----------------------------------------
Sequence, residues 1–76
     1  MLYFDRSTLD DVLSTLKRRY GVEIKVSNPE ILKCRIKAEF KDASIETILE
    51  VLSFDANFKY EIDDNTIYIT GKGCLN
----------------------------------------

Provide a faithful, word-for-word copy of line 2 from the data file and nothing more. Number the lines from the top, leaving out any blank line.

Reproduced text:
     1  MLYFDRSTLD DVLSTLKRRY GVEIKVSNPE ILKCRIKAEF KDASIETILE